United States District Court, N.D. Texas, Dallas Division
MEMORANDUM OPINION AND ORDER
L. HORAN UNITED STATES MAGISTRATE JUDGE
Party Ben E. Keith Company (“BEK”) has filed a
Motion to Quash Subpoena and for Protective Order,
see Dkt. No. 1 (the “Motion to Quash”),
which United States District Judge David C. Godbey has
referred to the undersigned United States magistrate judge
for determination under 28 U.S.C. § 636(b), see
Dkt. No. 3. Respondent Buc-ee's, Ltd.
(“Buc-ee's”) has filed a response to the
Motion to Quash. See Dkt. No. 7.
Motion to Quash relates to a subpoena (the
“Subpoena”) issued by the United States District
Court for the Southern District of Texas (the “issuing
court”) and served on non-party BEK by Buc-ee's in
connection with a case that Buc-ee's filed against
several related defendants in the Houston Division of the
United States District Court for the Southern District of
Texas, styled Buc-ee's, Ltd. v. Panjwani, No.
4:15-cv-3704 (S.D. Tex.) (the “underlying
litigation”). The Subpoena required BEK to designate a
corporate representative to appear and testify on January 4,
2017 at the offices of Buc-ee's counsel in Dallas, Texas.
See Dkt. No. 1-1. Trial of the underlying litigation
is scheduled to begin on January 24, 2017, and the presiding
judge in the underlying litigation (the “Houston
Court”) entered an Amended Scheduling / Docket Control
Order that required discovery to be completed by December 21,
2016. See id.
properly filed its Motion to Quash in this Court, which, as
required by Federal Rule of Civil Procedure 45(d)(3), is the
court in the district where compliance with the subpoena is
required. See id.
Federal Rule of Civil Procedure 45(f) provides that,
“[w]hen the court where compliance is required did not
issue the subpoena, it may transfer a motion under this rule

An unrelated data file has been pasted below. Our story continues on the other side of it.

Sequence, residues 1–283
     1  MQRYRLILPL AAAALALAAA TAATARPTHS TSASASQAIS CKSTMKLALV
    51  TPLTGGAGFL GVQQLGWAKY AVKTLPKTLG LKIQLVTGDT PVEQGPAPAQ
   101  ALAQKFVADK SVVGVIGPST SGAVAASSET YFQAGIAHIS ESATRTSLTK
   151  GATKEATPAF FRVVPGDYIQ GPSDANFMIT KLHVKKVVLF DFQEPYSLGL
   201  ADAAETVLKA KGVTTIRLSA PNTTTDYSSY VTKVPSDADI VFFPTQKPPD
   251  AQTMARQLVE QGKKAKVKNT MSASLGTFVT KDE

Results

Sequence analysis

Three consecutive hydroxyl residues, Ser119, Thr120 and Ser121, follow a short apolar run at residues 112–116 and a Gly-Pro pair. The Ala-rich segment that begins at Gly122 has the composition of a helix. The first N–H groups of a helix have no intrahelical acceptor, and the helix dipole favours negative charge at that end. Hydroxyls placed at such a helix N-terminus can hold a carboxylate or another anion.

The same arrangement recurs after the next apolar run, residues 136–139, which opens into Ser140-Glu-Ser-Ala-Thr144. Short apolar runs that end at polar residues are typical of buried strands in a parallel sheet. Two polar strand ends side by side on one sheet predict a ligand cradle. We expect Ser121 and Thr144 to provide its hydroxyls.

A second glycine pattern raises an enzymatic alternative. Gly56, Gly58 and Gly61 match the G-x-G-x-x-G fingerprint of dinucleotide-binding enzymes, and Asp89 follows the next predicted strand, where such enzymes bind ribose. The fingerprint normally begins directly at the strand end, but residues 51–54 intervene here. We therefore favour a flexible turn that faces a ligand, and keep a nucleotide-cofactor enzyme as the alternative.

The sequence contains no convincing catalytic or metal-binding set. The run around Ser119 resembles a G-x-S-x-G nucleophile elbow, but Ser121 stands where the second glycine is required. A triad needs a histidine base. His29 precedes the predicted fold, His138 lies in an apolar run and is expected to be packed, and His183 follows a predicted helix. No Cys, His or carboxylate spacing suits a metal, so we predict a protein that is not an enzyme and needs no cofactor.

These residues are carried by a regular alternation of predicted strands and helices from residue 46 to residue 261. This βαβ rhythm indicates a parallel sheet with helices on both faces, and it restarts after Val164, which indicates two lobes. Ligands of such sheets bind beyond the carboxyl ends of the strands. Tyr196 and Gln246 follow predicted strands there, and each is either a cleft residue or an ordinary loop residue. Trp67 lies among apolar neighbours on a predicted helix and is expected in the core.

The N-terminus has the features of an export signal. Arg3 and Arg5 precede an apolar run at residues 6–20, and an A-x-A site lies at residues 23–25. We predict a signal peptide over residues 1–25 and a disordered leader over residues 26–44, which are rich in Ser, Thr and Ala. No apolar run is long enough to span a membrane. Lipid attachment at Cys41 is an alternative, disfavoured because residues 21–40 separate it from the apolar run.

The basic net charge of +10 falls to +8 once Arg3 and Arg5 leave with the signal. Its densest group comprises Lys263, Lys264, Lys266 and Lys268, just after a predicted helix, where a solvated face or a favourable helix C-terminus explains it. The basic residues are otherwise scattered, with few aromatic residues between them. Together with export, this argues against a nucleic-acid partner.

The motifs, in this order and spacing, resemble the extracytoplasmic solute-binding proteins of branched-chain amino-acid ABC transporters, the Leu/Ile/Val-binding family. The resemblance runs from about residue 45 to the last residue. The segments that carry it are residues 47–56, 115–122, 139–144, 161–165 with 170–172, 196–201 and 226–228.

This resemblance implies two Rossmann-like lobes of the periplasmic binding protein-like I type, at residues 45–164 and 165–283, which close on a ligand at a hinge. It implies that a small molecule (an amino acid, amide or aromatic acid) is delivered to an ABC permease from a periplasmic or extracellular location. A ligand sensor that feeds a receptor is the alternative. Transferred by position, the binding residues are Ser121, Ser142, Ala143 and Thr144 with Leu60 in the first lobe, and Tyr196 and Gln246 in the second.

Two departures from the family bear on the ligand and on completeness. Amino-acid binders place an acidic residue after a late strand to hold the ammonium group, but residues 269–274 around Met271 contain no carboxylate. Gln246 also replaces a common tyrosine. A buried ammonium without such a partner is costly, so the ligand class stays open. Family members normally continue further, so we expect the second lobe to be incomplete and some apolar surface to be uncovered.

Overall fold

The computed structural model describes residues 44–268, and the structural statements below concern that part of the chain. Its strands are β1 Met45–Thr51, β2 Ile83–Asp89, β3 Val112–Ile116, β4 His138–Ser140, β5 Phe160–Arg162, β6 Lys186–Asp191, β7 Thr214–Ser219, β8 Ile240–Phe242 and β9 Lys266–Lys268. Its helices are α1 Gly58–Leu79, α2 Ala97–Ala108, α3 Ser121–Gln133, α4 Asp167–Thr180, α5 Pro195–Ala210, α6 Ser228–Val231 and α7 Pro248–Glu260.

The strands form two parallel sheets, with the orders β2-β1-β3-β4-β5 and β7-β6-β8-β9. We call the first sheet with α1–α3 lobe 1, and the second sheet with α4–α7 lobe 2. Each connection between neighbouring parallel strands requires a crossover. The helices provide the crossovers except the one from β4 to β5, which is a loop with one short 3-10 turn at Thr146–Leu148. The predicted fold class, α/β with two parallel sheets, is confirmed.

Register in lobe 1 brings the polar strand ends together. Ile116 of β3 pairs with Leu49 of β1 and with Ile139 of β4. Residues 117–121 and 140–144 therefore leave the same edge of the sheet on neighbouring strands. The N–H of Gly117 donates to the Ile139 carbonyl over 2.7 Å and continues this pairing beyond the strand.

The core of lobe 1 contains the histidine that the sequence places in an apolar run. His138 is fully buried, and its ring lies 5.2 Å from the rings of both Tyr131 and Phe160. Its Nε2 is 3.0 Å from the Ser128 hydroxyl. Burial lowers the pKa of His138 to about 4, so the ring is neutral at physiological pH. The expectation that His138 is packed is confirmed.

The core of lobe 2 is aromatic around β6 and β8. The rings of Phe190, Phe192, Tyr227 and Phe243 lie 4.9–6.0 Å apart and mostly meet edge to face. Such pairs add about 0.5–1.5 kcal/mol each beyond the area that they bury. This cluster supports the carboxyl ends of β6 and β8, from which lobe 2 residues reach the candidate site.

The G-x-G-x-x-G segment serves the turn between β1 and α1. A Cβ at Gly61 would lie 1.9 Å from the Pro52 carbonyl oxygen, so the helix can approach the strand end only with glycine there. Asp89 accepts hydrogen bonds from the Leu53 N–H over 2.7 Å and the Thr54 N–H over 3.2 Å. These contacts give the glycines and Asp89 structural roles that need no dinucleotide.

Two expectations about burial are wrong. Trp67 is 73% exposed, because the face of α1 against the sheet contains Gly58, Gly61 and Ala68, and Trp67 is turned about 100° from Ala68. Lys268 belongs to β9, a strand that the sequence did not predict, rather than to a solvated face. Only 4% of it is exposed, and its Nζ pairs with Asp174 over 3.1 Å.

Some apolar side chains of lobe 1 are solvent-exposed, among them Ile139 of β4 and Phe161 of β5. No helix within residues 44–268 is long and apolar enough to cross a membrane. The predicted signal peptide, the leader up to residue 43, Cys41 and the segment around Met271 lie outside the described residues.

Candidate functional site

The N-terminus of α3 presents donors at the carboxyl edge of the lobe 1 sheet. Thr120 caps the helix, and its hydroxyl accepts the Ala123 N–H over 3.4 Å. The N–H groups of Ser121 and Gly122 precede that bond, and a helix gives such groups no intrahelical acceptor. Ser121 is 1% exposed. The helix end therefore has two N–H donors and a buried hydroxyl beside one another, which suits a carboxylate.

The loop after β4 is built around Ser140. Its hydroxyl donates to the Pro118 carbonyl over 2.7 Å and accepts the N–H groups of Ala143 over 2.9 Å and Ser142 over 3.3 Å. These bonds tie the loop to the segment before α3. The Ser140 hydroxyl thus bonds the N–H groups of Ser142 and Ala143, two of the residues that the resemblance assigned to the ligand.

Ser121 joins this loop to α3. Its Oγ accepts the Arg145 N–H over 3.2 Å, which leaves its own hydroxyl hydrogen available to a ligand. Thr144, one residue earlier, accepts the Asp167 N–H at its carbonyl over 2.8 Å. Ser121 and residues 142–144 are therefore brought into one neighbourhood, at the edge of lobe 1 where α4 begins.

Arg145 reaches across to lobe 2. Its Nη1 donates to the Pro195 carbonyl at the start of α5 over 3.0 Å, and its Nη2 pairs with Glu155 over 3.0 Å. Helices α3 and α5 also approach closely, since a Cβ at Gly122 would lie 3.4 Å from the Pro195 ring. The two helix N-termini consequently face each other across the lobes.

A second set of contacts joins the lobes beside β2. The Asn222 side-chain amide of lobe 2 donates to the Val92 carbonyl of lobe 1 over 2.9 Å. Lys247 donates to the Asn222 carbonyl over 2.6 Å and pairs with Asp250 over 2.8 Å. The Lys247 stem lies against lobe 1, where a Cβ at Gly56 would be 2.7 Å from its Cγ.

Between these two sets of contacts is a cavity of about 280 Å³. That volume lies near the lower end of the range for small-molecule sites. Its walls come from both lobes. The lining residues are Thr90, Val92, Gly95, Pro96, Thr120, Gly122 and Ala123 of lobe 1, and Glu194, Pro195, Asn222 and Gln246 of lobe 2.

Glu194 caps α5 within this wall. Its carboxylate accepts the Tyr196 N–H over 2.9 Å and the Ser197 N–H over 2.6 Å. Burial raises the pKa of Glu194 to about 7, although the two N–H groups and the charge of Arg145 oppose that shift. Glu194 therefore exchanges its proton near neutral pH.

to the issuing court if the person subject to the subpoena
consents or if the court finds exceptional
circumstances.” Fed.R.Civ.P. 45(f). “Rule 45(f)
does not require that a motion to transfer be filed, and the
Court may sua sponte order transfer where
appropriate.” Orix USA Corp. v. Armentrout,
No. 3:16-mc-63-N-BN, 2016 WL 3926507, at *2 (N.D. Tex. July
Advisory Committee Notes provide the following guidance as to
when transfer of a subpoena-related motion is appropriate:
The prime concern should be avoiding burdens on local
nonparties subject to subpoenas, and it should not be assumed
that the issuing court is in a superior position to resolve
subpoena-related motions. In some circumstances, however,
transfer may be warranted in order to avoid disrupting the
issuing court's management of the underlying litigation,
as when the court has already ruled on issues presented by
the motion or the same issues are likely to rise in discovery
in many districts. Transfer is appropriate only if such
interests outweigh the interests of the nonparty served with
the subpoena in obtaining local resolution of the motion.
first ground for its Motion to Quash, BEK notes that,
“[d]espite the close of discovery on December 21, ...